Improving health care in the United States starts in the local communities

It’s no secret that America’s health care system is broken. And while the SolV team is dedicated to helping our clients navigate through the pitfalls of the system, we are also invested in finding solutions that will benefit the health of everyone.  The second week of May is recognized as Community Health Improvement Week, we’d like to draw attention to recent research that shows community health workers (CHWs) are crucial in advancing health equity in the United States.

By serving as trusted liaisons between healthcare systems and marginalized communities, CHWs help bridge gaps in healthcare access and outcomes. Their roles include providing culturally competent care, advocating for patient needs, and addressing social determinants of health such as housing and food security.

Research highlighted by the National Institutes of Health shows the effectiveness of CHWs in improving health outcomes and reducing healthcare costs. For instance, CHWs have been shown to significantly decrease hospital admissions among patients with chronic conditions by providing consistent, personalized support.

One critical factor in the success of CHW programs is sustainable funding. Historically, these programs have relied on short-term grants, leading to instability and high turnover rates. However, recent policy changes, such as the U.S. Centers for Medicare & Medicaid Services’ decision to allow Medicare reimbursement for CHW services starting in 2024, offer a more consistent funding stream. This policy shift is expected to enhance the integration and sustainability of CHW programs nationwide​.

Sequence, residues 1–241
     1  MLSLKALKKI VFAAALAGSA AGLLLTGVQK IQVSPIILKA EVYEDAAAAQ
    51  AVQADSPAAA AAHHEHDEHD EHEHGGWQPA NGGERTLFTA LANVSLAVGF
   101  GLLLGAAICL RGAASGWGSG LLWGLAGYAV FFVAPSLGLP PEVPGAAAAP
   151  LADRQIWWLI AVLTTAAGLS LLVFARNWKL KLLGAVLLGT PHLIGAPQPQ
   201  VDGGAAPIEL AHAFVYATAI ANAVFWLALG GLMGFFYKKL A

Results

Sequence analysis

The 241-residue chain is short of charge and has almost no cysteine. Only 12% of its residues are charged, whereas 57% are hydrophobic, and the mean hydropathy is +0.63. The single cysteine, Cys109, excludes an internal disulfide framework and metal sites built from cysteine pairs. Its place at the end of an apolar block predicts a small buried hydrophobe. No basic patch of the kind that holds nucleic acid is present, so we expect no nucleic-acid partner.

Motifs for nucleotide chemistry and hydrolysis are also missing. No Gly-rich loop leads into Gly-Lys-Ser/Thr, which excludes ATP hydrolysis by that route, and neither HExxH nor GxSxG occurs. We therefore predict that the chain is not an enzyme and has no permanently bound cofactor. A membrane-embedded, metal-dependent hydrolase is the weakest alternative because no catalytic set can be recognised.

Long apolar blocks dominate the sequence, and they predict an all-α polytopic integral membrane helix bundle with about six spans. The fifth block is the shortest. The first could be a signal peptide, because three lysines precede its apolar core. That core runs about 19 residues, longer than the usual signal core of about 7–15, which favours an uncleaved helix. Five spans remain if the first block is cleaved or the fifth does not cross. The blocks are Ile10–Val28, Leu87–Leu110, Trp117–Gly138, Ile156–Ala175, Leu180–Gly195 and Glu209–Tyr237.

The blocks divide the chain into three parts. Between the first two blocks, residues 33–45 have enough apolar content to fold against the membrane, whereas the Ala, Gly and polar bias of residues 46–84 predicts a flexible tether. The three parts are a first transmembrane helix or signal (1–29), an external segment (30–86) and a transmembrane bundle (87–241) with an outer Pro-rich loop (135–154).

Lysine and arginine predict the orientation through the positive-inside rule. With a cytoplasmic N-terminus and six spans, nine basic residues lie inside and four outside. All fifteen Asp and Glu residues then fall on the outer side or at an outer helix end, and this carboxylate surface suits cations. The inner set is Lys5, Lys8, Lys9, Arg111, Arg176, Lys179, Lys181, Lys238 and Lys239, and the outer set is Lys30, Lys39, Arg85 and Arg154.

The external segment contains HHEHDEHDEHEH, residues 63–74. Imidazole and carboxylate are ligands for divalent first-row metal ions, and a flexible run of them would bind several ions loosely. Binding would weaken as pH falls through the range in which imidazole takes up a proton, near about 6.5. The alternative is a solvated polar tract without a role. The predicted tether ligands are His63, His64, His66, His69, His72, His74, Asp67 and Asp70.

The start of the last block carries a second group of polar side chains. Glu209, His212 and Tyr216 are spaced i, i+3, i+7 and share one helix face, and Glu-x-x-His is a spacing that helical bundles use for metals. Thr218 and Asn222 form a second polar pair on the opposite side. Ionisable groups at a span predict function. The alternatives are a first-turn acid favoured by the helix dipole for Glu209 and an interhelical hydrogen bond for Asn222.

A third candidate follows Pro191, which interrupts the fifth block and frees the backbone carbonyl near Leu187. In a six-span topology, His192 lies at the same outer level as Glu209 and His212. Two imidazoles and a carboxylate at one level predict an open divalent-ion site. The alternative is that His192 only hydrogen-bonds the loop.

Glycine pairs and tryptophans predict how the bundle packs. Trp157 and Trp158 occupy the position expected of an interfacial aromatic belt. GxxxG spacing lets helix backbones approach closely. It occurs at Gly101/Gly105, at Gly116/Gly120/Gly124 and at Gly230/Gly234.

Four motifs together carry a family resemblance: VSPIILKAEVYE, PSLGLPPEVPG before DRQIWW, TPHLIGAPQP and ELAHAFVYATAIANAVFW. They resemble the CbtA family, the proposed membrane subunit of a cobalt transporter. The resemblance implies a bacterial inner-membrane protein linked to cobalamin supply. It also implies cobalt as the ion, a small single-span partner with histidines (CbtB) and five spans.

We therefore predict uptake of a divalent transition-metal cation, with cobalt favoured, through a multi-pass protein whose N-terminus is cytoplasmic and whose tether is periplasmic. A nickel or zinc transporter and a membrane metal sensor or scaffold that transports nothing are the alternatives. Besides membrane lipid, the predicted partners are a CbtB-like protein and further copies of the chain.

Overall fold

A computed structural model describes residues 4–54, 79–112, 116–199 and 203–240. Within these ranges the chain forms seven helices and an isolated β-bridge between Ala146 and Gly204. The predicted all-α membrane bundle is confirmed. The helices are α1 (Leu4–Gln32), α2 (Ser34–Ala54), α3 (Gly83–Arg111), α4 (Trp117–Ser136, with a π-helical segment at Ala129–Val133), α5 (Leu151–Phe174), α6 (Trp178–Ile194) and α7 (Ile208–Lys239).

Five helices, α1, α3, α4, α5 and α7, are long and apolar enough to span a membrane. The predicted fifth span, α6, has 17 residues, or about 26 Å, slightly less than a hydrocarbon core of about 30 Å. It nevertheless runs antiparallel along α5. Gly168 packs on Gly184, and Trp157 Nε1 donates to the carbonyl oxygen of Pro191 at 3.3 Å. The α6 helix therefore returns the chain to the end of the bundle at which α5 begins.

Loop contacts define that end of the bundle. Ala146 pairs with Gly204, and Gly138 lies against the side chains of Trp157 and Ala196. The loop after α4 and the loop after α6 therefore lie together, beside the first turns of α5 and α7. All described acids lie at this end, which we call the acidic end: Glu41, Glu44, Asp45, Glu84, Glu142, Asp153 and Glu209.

Health insurance companies and employers also benefit from CHW programs. By reducing hospital admissions and improving chronic disease management, CHWs help lower healthcare costs, which is advantageous for insurers. Insurance companies see a return on investment through decreased emergency room visits and hospitalizations, leading to overall cost savings​​.

For employers, healthier employees mean reduced absenteeism, increased productivity, and lower healthcare-related costs. Implementing CHW programs in workplace wellness initiatives can result in significant economic benefits and a healthier workforce​.

Despite these advancements, CHWs face challenges such as poor integration into healthcare teams and the risk of burnout due to the emotional and physical demands of their work. Addressing these issues requires comprehensive support, including proper training, adequate supervision, and measures to prevent burnout. Ensuring that CHWs have a clearly defined role and access to continuous professional development is crucial for their effectiveness and longevity.